Anyone who is interested in startups — how they work, what makes them work — and especially anyone who has any thoughts of actually starting a startup should read Paul Graham’s blog/essays. (Paul doesn’t make it easy for you. He doesn’t publish new essays very regularly — I know, I’m not one to talk — and his RSS feed is generated by HTML-scraping someone else set up. But the content is worth it.)
Here’s a story he tells:
One YC startup negotiated terms for a tiny round with an angel, only to receive a 70-page agreement from his lawyer. And since the lawyer could never admit, in front of his client, that he’d screwed up, he instead had to insist on retaining all the draconian terms in it, so the deal fell through.
I had a very similar experience, years ago. My brother and I were going to buy a condo as an investment property. We hired a lawyer my brother knew, and at the time thought well of, to do the legal work for us remotely, since we were buying in Denver and at the time he lived in Connecticut and I lived in North Carolina. We found a place and started the process of making an offer; the lawyer was going out of town, so he brought his partner into the deal; the partner then brought in a junior associate, who wrote an offer that was something like 13 pages long, with all sorts of terms and conditions.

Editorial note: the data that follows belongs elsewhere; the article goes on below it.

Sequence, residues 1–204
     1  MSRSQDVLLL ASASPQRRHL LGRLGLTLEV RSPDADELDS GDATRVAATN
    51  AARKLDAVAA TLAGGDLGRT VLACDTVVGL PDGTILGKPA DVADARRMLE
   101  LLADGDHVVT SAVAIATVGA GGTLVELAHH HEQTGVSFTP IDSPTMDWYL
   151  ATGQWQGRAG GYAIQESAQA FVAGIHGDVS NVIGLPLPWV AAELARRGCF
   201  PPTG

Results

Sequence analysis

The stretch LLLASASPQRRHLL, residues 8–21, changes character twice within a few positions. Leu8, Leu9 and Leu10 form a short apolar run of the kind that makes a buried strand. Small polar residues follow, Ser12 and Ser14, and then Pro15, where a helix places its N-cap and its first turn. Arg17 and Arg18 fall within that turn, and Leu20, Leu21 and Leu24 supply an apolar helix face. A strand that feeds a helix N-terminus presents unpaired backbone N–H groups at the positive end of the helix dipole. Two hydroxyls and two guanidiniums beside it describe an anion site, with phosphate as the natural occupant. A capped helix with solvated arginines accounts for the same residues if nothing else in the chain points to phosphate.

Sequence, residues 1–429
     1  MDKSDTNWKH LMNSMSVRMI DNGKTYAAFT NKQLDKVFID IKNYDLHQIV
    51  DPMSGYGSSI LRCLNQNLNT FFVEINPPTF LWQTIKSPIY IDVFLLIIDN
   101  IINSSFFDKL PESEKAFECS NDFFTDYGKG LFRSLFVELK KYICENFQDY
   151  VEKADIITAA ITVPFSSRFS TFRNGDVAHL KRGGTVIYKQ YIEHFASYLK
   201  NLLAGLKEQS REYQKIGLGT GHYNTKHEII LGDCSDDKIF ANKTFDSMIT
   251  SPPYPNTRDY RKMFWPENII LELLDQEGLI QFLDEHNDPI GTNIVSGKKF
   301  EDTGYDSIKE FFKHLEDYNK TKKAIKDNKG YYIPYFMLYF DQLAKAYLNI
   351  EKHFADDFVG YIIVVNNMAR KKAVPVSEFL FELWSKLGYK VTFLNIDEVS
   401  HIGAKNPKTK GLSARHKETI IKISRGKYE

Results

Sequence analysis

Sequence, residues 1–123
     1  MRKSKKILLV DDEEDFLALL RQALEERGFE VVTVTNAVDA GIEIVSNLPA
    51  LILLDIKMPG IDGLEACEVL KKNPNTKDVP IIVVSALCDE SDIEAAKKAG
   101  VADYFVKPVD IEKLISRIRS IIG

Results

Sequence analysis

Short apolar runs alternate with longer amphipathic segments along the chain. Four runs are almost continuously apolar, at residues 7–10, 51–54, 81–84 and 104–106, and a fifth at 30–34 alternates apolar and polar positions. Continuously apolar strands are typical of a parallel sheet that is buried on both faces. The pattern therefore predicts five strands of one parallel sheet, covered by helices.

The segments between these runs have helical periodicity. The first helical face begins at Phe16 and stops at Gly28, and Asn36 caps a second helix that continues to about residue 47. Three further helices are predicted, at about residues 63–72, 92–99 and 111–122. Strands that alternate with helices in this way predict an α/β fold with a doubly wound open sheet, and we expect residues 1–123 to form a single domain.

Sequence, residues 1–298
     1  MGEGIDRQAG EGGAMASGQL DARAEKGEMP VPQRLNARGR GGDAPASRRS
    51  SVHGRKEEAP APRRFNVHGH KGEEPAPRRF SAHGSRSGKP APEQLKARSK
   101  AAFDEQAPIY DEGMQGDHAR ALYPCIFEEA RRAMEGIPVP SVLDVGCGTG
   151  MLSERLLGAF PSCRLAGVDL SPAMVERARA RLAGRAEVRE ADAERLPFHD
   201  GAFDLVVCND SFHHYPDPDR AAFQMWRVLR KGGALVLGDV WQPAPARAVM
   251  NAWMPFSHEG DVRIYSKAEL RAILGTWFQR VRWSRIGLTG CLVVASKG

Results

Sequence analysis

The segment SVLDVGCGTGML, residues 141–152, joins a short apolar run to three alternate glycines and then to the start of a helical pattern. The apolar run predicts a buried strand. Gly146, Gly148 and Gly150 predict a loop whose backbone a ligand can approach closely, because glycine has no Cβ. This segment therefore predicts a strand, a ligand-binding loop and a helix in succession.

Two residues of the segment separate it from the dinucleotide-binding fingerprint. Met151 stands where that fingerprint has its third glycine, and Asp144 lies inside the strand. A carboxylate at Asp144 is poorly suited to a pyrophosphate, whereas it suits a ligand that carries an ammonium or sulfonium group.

The condo was bank owned — this was during the last catastrophic, it’s never going to get better, collapse of the housing market — and the bank took one look at the contract and said, in so many words, “fuck off.” It was going to cost them hours of lawyering to decide if the contract made any sense, and it just wasn’t worth it — they wanted the condo off their hands and they had a hundred other properties to sell too.
For this exercise, the law firm billed us something like 50 hours — well over a grand. See, first they billed us for the time spent talking to me about the deal; then they billed us for both partner’s time when the one going out of town explained the issue to the one covering for him; then they billed us for the time of the second partner explaining to the junior associate; and for the junior associate’s time writing the 13 page contract. All this, to get a contract that promptly lost us the deal.
Later, we found another property, used something like a standard offer, and got what we wanted.
Here’s the lesson. First, lawyers aren’t generally paid to make a deal go — they’re paid by the hour. If you act risk-averse, they’ll be happy to bill you for making sure you never get into a risk, even if you never get where you wanted to go. (This isn’t true of all lawyers, by the way. My favorite local lawyer tells you a price up front for what you want, with the understanding that if something goes badly she’ll come back to you.) Second, lawyers like lawyering. Given the chance, they’ll do lots of it. And third, your lawyer is not necessarily your friend.
The most useful skill one can have with a lawyer is to know when to stop them in mid-argument and say “Yo. Don’t be a schmuck.”